Although federal courts are "obligated not only to apply the analogous state statute of limitations to federal constitutional claims brought under § 1983, [1] but also to apply the State's rule for tolling that statute of limitations, " Scouuins v. Douglas, 760 F.2d 535, 537 (4th Cir. 1985) (citing Bd. of Regents of Univ. of New York v. Tomanio, 446 U.S. 478, 484-86 (1980)), the Fourth Circuit has not addressed whether the statute of limitations should be equitably tolled during plaintiff's exhaustion of administrative remedies. Accordingly, the Court directed the defendant to address this limited issue in his response to plaintiff's claims. As defendant Brown is properly before the Court in his individual capacity only pursuant to plaintiff's Bivens claim, he filed a Motion to Dismiss on the basis that plaintiff's Bivens claim is time-barred. Defendant's Motion will be granted.

A. Standard of Review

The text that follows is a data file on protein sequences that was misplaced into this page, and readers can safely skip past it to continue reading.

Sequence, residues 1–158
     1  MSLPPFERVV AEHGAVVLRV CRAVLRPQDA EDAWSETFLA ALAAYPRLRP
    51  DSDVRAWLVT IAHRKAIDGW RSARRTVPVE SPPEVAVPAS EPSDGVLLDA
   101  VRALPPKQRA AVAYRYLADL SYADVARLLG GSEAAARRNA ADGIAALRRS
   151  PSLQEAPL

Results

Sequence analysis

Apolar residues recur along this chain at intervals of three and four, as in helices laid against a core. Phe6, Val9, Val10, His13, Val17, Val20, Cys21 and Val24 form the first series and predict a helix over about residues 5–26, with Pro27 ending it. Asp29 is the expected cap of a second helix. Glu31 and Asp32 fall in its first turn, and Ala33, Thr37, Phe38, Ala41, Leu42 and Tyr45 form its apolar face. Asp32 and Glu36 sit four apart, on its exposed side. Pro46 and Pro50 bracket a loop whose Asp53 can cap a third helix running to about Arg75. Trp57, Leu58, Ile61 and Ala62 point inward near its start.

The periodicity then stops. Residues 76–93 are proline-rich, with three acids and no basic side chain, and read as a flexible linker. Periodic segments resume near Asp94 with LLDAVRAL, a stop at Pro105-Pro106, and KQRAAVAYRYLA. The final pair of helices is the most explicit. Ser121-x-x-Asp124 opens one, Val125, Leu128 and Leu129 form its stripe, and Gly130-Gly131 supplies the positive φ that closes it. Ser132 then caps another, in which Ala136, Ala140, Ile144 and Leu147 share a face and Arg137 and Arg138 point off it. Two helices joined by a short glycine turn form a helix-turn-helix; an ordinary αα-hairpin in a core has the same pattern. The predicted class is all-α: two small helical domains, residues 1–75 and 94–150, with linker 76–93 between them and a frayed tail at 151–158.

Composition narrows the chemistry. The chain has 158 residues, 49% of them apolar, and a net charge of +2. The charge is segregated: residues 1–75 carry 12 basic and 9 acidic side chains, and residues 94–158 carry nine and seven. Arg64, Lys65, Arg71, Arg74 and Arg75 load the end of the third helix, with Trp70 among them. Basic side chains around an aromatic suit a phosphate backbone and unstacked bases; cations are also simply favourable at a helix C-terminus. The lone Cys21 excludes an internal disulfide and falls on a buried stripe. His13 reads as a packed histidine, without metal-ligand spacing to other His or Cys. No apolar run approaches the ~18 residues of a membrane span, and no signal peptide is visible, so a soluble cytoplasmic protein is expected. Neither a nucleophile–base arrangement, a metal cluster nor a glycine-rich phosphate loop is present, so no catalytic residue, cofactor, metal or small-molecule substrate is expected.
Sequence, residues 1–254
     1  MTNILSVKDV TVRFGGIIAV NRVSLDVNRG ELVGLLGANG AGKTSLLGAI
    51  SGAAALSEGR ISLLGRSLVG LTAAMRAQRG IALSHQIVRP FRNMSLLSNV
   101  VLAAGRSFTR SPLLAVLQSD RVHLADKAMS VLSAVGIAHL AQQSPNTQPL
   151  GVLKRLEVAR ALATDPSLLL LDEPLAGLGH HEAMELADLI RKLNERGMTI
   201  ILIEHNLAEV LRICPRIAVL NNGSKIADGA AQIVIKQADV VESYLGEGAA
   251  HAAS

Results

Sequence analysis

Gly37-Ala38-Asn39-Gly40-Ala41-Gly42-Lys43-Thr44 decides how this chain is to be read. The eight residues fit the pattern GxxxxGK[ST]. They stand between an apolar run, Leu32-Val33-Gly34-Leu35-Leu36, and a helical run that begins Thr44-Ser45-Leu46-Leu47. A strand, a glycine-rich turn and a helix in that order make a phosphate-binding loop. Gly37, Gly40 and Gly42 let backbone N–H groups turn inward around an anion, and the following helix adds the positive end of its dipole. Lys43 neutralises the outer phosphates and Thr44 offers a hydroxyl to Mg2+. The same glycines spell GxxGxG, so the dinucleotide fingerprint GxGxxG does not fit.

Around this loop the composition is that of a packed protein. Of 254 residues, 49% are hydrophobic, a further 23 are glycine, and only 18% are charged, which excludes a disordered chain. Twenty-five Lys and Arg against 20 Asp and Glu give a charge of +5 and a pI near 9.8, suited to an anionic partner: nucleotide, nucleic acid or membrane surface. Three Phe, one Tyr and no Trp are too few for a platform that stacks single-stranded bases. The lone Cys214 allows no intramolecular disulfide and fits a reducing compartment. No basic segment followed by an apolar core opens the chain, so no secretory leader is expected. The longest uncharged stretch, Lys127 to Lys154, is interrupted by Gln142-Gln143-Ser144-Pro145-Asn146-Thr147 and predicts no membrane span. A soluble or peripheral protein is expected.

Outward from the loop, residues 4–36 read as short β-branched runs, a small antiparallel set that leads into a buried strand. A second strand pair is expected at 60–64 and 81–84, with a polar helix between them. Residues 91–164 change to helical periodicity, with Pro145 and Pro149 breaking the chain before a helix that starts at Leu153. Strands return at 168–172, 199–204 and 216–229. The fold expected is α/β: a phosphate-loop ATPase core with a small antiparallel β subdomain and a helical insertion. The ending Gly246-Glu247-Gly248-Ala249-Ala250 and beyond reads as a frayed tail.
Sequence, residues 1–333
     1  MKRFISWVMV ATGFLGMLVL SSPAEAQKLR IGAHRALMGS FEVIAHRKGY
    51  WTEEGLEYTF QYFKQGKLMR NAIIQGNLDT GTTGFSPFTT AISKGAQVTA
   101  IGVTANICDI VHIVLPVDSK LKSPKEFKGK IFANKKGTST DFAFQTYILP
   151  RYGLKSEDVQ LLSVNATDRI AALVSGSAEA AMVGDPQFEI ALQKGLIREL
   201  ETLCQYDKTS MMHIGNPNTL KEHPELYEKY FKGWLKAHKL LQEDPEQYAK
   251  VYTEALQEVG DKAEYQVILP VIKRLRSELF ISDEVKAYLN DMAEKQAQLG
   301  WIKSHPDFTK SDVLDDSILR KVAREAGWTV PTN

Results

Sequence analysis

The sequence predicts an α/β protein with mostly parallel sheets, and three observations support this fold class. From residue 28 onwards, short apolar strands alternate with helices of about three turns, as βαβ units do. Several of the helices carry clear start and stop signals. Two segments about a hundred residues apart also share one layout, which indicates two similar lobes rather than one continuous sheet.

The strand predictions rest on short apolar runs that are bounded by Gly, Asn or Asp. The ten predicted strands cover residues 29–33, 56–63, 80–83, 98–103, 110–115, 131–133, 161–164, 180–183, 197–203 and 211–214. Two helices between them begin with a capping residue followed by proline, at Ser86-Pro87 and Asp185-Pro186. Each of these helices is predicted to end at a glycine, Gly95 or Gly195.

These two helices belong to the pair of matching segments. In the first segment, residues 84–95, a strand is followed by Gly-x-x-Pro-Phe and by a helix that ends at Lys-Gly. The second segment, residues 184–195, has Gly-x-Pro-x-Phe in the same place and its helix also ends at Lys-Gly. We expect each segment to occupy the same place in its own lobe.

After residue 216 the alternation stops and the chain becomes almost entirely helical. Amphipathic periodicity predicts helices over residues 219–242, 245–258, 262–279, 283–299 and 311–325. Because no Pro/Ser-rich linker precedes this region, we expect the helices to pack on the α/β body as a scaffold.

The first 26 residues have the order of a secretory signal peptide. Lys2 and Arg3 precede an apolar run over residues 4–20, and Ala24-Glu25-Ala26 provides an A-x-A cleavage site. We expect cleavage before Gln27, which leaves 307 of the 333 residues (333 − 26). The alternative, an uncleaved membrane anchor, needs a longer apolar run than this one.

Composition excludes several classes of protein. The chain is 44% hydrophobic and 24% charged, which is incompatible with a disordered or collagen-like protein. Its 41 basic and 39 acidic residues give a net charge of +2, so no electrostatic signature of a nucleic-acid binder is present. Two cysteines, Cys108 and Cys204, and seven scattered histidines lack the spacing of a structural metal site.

When evaluating a motion to dismiss under Federal Rule of Civil Procedure 12(b)(6), a court must presume that all factual allegations in the complaint arc true, and must draw all reasonable inferences in the plaintiff's favor. See, e.g., Burbach Broad. Co. of Del. v. Elkins Radio Corp., 278 F.3d 401, 406 (4th Cir. 2002). Therefore, a court may not dismiss a complaint if the plaintiff pleads any plausible set of facts that would entitle him to relief. See, e.g., Conley v. Gibson, 355 U.S. 41, 45-46 (1957). A claim has plausibility if the plaintiff alleges sufficient facts by which a court could reasonably infer the defendant's liability. Ashcroft v. Iqbal, 556 U.S. 662, 678 (2009 (citing Bell Atl. v. Twombly, 550 U.S. 544, 556 (2007)). To meet this standard. however, the plaintiff must do more than simply allege "threadbare recitals of the elements of a cause of action, supported by mere conclusory statements...." Id. (citing Twornbly, 550 U.S. at 555)). Thus, the plainti If must allege facts that show more than a "mere possibility of misconduct" by the defendant. Id. at 679.